Figure explaining the five routes R1 to R5 in Doro Koen Park along which we walked and enjoyed viewing Kamakuras and mini-Kamakuras
First we walked on Route 1 towards the eastern side of Doro Koen Park. We saw many Kamakura snow huts in a row but the entrance of all of them faced east, and so we saw the back side of the huts as we walked along the route in the park. It was snowing heavily that time, and the snow covered trees and the park looked brilliant. On our way, we entered inside one of the huts and observed the details. We walked leisurely for about 20 minutes, and came to the end section of this route where a huge Kamakura hut was built and a mushroom animation character named Nameko was sculpted.
Kamakuras in Route 1 of the park
I am standing in front of a Kamakura
Hubby standing inside the Kamakura
Snow covered park, trees, and Kamakuras
End section of the route
A huge Kamakura and a sculpture of Nameko at the end section of the route
On reaching the end section of Route 1, we turned around and walked in the opposite direction on the same route. This route towards the west is Route 2 in the park. Again, we enjoyed viewing the Kamakura huts built in a row. But on this route, we saw the front side of the huts as we walked towards the west. It was snowing very heavily that time, and the snow covered trees and the park looked almost surreal in the snowstorm. We entered inside one of the Kamakura huts for a couple of minutes to avoid the strong icy wind. Once the weather improved a bit, we continued our walk along the route.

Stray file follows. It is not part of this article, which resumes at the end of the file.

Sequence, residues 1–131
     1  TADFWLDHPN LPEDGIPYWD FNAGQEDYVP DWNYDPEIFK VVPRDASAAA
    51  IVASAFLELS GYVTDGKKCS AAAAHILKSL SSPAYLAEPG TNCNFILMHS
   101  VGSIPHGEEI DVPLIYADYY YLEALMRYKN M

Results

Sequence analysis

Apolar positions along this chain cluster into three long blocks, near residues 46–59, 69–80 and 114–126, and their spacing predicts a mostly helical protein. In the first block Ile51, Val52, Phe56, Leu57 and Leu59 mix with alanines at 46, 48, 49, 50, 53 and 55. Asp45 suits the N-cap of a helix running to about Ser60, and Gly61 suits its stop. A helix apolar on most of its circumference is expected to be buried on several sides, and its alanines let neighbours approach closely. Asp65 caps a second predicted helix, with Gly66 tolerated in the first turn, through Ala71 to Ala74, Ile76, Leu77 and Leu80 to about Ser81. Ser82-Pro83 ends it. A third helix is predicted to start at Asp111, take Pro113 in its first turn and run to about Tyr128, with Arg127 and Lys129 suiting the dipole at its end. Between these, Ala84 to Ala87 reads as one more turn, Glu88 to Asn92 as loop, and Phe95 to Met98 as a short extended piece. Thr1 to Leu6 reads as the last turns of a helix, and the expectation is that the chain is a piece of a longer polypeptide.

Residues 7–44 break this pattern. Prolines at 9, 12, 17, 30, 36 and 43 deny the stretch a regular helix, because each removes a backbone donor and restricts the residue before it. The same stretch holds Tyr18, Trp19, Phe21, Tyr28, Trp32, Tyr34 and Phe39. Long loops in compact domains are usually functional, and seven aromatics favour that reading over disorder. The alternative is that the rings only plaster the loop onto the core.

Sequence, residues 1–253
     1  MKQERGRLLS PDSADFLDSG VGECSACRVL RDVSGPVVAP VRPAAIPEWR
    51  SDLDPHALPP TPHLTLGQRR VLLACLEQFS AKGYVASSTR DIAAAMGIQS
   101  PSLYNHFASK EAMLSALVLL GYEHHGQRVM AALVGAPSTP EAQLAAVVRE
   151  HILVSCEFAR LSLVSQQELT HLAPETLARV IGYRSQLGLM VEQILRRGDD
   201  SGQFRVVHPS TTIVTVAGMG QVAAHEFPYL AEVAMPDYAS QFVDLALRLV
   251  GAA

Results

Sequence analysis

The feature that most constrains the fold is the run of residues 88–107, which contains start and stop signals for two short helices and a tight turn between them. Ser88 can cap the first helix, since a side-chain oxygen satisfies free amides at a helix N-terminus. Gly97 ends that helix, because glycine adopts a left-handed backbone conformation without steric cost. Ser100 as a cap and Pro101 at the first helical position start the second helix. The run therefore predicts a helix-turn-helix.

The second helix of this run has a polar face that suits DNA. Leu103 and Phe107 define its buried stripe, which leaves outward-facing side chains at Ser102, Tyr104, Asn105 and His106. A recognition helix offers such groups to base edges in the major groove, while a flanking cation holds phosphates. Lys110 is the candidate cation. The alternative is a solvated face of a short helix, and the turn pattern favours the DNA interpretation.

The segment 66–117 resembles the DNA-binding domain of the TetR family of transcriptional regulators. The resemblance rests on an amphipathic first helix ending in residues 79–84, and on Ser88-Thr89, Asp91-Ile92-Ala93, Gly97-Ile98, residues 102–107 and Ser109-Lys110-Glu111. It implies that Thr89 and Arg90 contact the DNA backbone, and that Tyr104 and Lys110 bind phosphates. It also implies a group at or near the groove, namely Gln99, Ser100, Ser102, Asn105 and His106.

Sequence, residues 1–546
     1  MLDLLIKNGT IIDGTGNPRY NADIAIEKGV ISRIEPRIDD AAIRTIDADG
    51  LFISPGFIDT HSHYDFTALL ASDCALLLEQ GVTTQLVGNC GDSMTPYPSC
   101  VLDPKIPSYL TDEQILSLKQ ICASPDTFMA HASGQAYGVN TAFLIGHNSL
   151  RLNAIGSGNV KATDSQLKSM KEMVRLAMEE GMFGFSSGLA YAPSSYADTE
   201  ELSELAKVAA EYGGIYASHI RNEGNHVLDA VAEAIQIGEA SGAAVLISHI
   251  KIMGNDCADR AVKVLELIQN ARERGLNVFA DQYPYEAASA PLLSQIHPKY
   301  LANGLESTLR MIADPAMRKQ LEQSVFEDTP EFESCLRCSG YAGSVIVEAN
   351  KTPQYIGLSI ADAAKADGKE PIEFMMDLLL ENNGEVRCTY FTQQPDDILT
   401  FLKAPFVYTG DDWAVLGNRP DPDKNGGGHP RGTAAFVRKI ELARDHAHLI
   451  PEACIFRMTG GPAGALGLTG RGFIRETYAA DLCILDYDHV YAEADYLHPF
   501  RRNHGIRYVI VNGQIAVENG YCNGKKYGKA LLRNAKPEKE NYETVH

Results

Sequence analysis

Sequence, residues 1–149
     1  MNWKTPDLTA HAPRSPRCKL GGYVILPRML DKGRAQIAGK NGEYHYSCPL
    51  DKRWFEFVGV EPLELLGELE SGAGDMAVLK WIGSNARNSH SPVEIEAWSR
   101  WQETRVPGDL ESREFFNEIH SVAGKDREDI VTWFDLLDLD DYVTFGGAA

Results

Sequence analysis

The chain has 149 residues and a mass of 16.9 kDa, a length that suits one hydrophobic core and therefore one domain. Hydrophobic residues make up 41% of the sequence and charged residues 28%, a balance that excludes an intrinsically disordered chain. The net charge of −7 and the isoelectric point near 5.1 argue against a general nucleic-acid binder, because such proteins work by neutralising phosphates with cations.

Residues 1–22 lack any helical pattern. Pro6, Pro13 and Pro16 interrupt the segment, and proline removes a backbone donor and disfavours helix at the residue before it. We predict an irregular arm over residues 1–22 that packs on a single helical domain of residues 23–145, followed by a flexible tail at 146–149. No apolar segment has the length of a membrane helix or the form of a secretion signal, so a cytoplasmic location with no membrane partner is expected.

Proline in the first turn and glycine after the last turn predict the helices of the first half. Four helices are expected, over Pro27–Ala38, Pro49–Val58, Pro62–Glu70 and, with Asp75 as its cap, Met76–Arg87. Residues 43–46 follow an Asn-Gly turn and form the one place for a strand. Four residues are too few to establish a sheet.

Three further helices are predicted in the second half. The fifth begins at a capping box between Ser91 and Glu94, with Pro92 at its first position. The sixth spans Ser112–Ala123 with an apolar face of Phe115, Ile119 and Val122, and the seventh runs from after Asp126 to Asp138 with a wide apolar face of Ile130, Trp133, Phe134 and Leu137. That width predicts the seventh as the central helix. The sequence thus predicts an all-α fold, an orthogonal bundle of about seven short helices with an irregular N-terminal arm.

Snow covered park, trees, and Kamakuras in Route 2 of the park
I am standing in front of a Kamakura when it was snowing very heavily
I am standing inside the Kamakura to avoid strong icy wind
Kamakuras in Route 2 of the park